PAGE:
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bash (the bourne-again shell) - is the default shell for Linux users. It is compatible with the traditional Bourne shell (sh) in that Bourne shell scripts will work in bash, though there are some bash-specific features that will not work on older Bourne shells.

Shell initialization

The place to put aliases and simple environment variable settings that you want every time you open a shell is in .bashrc in your home directory. Example .bashrc file:

if [ -f /etc/bashrc ]; then . /etc/bashrc ; fi # Load system-wide bashrc
export PAGER=less
alias md='mkdir'
alias rd='rmdir'
alias ll='ls -lh'
alias la='ls -lah'
alias df='df -h'
alias du='du -h'
alias du1='du --max-depth=1'
alias ping='ping -c 5'

Appending text to environment variables like your PATH should not be done in the .bashrc, because it gets run often when subshells are started. Place lines like this in your ~/.bash_profile:

PATH=$HOME/bin:$PATH  # Adds to path, only in .bash_profile

When started as a login shell, bash first reads /etc/profile, then the first of ~/.bash_profile, ~/.bash_login, or ~/.profile that it finds. It doesn't automatically read the ~/.bashrc file in login shells. For consistency, the following line shold probably be in your .bash_profile:

if [ -f ~/.bashrc ]; then . ~/.bashrc ; fi


User features

  • Typing <Esc>. repeats the last argument of the previous command.
  • Typing <Esc><BackSpace> backspaces a whole "word" at a time.
  • Readline - a GNU-created library for line-by-line text input. It allows a searchable command history and easy editing of the current command line, among other things.
  • <ctrl> + <r> invokes reverse-i-search for the command buffer (history of what you've typed). Then just type a part, any part, not necessarily from the begining, of a command you've typed in before and it'll give you the chronologically closest match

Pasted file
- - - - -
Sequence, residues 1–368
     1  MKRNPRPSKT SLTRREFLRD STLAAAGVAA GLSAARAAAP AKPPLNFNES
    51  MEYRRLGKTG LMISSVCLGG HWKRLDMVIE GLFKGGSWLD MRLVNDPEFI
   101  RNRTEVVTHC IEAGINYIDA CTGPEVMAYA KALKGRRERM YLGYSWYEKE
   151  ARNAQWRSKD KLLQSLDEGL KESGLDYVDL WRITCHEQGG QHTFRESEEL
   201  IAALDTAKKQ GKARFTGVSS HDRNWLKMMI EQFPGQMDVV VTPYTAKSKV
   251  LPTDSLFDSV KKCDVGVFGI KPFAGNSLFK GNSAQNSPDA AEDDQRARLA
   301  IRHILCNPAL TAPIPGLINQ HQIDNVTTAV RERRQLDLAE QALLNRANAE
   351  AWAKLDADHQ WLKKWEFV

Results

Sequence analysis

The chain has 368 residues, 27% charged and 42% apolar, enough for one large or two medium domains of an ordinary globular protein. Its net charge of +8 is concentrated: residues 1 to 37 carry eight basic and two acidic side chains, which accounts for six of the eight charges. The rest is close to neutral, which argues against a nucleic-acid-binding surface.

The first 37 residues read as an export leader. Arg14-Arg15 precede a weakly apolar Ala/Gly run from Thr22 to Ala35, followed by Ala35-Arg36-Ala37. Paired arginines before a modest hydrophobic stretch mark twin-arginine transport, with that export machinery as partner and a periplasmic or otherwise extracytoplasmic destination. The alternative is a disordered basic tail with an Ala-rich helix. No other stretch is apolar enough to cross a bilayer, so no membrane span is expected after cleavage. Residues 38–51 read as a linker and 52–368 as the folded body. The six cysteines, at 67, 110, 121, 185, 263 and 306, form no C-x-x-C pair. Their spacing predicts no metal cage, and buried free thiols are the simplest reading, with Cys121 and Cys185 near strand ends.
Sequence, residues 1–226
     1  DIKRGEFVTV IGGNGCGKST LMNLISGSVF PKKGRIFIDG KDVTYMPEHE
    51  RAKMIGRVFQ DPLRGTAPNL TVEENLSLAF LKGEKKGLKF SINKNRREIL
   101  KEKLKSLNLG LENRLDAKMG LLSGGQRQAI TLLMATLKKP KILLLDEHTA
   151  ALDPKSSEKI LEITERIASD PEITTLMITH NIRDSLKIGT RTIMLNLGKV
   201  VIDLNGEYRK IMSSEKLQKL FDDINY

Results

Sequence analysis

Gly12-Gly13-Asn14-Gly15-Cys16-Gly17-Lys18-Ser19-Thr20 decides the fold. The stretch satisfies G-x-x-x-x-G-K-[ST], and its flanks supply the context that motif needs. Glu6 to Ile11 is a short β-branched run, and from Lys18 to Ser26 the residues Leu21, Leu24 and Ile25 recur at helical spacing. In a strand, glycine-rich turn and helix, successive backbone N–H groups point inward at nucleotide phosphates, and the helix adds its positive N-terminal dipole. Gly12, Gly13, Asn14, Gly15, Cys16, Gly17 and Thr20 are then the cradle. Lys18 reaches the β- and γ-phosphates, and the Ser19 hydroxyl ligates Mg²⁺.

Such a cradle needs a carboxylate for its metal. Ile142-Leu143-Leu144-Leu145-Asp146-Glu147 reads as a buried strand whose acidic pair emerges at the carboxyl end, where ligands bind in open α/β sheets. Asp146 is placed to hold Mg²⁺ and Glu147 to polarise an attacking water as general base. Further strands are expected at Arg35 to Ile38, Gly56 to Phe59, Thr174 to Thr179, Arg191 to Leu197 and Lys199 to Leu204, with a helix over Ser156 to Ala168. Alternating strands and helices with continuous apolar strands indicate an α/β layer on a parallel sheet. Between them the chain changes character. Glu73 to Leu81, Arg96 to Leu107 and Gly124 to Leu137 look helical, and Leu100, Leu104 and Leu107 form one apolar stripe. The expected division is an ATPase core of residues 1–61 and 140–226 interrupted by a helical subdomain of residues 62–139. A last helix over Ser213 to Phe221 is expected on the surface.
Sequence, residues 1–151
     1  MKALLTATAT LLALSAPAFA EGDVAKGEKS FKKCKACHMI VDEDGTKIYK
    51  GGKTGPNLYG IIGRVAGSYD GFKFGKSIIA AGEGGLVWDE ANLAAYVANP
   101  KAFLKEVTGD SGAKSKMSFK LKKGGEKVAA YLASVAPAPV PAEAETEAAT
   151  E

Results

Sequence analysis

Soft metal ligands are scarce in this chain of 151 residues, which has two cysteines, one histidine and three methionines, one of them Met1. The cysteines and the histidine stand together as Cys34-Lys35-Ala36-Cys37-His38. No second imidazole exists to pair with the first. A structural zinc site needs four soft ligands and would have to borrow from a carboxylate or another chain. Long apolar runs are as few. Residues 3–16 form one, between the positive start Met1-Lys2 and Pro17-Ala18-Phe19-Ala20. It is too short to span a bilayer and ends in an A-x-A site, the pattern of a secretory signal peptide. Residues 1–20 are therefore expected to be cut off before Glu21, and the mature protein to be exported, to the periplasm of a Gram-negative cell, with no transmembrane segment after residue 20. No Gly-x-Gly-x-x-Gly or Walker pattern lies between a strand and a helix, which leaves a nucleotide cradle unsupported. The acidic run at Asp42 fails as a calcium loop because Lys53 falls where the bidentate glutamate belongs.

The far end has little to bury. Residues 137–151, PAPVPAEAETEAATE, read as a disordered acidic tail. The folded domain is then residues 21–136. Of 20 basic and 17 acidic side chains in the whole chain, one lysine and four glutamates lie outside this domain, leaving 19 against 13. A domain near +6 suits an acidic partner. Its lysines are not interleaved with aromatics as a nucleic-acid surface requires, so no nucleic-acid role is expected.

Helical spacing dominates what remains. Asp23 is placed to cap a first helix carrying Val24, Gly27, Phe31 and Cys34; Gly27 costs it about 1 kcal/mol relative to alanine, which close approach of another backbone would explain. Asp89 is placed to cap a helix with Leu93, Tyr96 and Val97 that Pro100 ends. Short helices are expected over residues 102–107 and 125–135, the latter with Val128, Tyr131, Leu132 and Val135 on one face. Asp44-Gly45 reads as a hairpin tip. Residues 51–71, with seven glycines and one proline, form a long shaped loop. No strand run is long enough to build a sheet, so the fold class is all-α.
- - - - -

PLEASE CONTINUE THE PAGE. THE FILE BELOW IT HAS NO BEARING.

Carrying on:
• The use of $( command ) for command substitution (backquotes are traditional)
  • Numerical for loops
    for (( i=0; i<10; i++ )) ; do echo $i ; done

or in a script file, somewhat more readable and without semicolons

    for (( i=0; i<10; i++ ))
      echo $i

Be sure to check out the Advanced Bash Scripting Guide, which has (most of) the info you need to start with bash scripting.

See Control keys for a list of control keys and which part of the system (the shell or the terminal) is responsible for it.

Variables and Parameters

Note: the bash man page documents shell variables in the segment titled PARAMETERS

The difference between variables and parameters is slight. They use the same syntax, but you are generally not able to change the value of a parameter.


The examples use the echo command to report the variable's value. Variables are actually used anywhere in a command including as the command name itself or the entire command-line.

You can use variables and parameters by naming them, complete with the "$" that introduces a reference.

 % echo $SHELL

will show your default shell's name. A great many other variables, usually in all caps, are defined for you.

Variables can be interpolated into strings:

 % echo " *** my shell is $SHELL"
  *** my shell is /bin/bash

where the quotation marks prevent the shell from interpreting the asterisks (*) but not the variable.

Single quotes additionally prevent the variable from being recognized